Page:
Ivan Raykoff is an Associate Professor and Chair of The Arts program at Eugene Lang College, the undergraduate liberal arts division of The New School in New York, where he teaches courses on music history, theory, and interdisciplinary approaches to the arts. He studied piano at the Eastman School of Music and the Liszt Academy in Budapest, and received his PhD in Critical Studies in Music from the University of California–San Diego in 2002. His chapter on Romantic piano transcriptions, sexual transgression, and (pro)creative values appeared in Queer Episodes in Music and Modern Identity (2002), and his work on Robert Schumann’s declamation ballades was recently published in the collection Rethinking Schumann (2011). He is currently completing a book for Oxford University Press titled Dreams of Love: Playing the Romantic Pianist.
As part of the panel Performing Queer Ecology at the 2012 iLAND Symposium Ivan will present Queer Hands in Music Land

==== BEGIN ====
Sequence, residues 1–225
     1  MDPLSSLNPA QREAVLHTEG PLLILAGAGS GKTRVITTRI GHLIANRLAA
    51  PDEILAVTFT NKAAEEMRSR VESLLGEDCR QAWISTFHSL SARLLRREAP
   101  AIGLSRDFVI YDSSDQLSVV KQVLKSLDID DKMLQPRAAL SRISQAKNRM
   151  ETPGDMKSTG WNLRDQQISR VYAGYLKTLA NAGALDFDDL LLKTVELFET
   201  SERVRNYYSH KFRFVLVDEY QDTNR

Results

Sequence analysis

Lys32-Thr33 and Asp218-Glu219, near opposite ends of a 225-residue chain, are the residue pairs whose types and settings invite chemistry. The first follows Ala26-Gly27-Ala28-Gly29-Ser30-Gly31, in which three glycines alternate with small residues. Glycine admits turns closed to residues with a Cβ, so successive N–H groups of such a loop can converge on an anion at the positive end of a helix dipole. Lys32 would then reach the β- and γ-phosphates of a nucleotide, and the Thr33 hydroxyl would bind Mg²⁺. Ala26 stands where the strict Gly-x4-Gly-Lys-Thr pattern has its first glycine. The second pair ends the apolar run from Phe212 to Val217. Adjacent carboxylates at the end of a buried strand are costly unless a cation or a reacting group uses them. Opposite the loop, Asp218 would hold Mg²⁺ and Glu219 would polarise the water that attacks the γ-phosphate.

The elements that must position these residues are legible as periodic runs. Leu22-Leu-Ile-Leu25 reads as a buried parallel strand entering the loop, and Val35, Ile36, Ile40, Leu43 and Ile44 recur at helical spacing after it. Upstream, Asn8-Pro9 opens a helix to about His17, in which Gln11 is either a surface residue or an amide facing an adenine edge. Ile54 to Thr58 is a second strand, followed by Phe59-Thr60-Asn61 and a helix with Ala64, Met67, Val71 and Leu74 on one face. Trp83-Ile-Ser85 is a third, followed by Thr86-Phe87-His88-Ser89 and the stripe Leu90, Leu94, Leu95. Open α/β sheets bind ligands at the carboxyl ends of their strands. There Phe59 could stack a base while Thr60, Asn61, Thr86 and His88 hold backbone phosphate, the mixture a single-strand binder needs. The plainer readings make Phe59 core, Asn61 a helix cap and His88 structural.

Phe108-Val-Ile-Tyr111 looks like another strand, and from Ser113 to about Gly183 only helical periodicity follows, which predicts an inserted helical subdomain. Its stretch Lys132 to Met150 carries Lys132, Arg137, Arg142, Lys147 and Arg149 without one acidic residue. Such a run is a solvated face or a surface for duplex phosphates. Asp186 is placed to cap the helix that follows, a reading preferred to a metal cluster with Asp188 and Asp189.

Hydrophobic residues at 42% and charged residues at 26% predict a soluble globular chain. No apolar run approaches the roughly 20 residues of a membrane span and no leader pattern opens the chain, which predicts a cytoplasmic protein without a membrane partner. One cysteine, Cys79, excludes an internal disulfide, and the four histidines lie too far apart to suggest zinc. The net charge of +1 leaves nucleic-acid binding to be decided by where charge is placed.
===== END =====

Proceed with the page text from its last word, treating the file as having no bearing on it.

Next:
Music and dance teachers frequently tell their students that practice makes perfect, but rarely explain what “perfect” implies. Traditional pedagogical methods and aesthetic ideologies in classical music training privilege a notion of a “sound body,” an idealized union of physicality and musicality evidenced in many different ways in performance, from technical facility to a beautiful tone and artfully shaped melody. Underlying these values is an understanding of the body as natural, whole, healthy, and heteronormative, while the unsound body is often coded as unwholesome, unhealthy, and queer. Starting with the first lesson, “Music Land,” from John Thompson’s classic piano method book first published in the 1930s and still widely used today, this presentation explores the implications surrounding the cultivation of perfect sound bodies in music and the related arts.